James Baldwin had a way of sometimes signing off at the end of his books—“Istanbul, Dec. 10, 1961,” “New York, Istanbul, San Francisco, 1965-1967,” or “Oct. 12, 1973, St. Paul de Vence.” Maybe the words spoke to Baldwin about the labor of composition, suggesting rooms where he’d worked, nights when he’d struggled. Think of “Dublin 1904/Trieste 1914.” As a way of signing off along the road Baldwin was traveling, such markers also said something about the glamour and cosmopolitanism that being a writer had always meant to him.
Baldwin said that throughout his adolescence, hemmed in at home and hemmed in by Harlem, he’d “read books like they were some kind of weird food.” But when he told Richard Wright he’d been dreaming of France since he was twelve years old, maybe he was tugging at an older person’s heartstrings a little. He doesn’t seem to have had any special feeling for French culture or for legends of the Lost Generation, though traces of Hemingway have been detected in his earliest stories. Similarly, Harlem Renaissance lore about Countee Cullen taking classes at the Sorbonne or Langston Hughes waiting tables in Montmartre doesn’t seem to have played much part in Baldwin’s dream of France either. Paris, as the capital of Baldwin’s personal and literary freedom, existed in the future that Wright suddenly projected for him. He followed Wright in 1948, determined to prevent himself from “becoming merely a Negro; or, even, merely a Negro writer.” That was the language of universalism before people accepted that black writers had been speaking it all along.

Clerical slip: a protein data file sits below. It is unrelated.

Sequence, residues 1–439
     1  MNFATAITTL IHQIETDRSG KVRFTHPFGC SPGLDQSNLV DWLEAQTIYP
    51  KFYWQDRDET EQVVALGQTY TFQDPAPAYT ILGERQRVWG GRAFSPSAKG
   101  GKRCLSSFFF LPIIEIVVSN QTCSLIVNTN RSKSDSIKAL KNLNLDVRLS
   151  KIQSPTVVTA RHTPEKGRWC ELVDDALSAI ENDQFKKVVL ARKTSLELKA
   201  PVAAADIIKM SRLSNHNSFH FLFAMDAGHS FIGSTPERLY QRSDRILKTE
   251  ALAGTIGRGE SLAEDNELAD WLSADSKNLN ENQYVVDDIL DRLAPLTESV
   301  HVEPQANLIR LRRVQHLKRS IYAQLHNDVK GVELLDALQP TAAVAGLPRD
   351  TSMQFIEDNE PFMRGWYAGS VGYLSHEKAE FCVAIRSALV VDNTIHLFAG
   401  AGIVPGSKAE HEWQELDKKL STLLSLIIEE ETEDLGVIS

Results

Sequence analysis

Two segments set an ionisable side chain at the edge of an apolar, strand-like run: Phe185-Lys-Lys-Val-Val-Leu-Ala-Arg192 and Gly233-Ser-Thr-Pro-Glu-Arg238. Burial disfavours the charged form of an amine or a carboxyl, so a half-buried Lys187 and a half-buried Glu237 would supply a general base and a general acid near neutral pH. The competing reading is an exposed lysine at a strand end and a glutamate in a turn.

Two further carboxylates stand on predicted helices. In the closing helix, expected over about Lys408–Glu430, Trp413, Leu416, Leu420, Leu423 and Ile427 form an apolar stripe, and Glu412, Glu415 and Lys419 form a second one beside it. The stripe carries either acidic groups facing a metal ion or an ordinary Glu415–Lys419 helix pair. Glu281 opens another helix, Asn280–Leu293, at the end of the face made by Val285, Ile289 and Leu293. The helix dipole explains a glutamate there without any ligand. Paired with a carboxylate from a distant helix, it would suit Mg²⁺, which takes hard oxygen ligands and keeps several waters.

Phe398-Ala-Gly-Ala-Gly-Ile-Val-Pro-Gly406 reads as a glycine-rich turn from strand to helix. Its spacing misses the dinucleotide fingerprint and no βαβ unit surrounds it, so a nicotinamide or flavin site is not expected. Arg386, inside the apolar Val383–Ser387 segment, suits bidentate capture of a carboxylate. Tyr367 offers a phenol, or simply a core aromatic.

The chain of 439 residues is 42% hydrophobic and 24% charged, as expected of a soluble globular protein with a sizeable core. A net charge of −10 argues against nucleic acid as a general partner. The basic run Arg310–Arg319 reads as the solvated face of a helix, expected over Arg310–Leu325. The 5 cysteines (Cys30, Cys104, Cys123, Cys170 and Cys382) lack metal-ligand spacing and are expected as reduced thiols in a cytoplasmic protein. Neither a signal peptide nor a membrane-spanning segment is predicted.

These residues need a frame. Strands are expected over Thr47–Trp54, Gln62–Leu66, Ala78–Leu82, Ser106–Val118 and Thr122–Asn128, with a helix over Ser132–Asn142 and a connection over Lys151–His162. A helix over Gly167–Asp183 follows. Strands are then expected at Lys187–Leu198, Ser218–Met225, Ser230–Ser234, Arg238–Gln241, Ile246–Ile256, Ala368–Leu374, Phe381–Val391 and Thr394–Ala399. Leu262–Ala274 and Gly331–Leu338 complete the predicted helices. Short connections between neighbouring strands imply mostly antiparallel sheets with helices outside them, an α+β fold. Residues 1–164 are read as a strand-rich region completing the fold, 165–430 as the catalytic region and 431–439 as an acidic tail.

Around the time that Baldwin left Harlem’s churches, New Jersey’s industrial marshes, and Greenwich Village’s bars for Paris, Henry James was returning to Europe in the luggage of a new generation of American expatriates. Otto Friedrich, a young recent Harvard graduate writing a novel in Paris, remembered that at Christmas in 1949 Baldwin gave him a copy of F.O. Matthiessen’s edition of James’s Notebooks inscribed with lines from The Middle Years that he himself had first quoted to Baldwin.1
Matthiessen challenged the position, made popular by Van Wyck Brooks in the Twenties, that James made a fatal mistake when he became an expatriate, because he cut himself off from his material and produced tempests in “exquisite teapots.”2 Matthiessen argued that James offered a robust examination of American values and the American character, raising themes about “the eternal outsider” and “the passionate pilgrim” that were pertinent to Baldwin. For Baldwin, James’s Americans, searching for experience, transcended their backgrounds in “deep and dark” Europe.
Toward the end of his life Baldwin recalled the isolation of not knowing French his first year in Paris. He was thrown back onto his own speech, which was closer to that of Bessie Smith than it was to that of Henry James, he said.3 But in his hunt for a model, it’s not hard to see the appeal that an American martyr to sensibility would have had for Baldwin, a deracinated…
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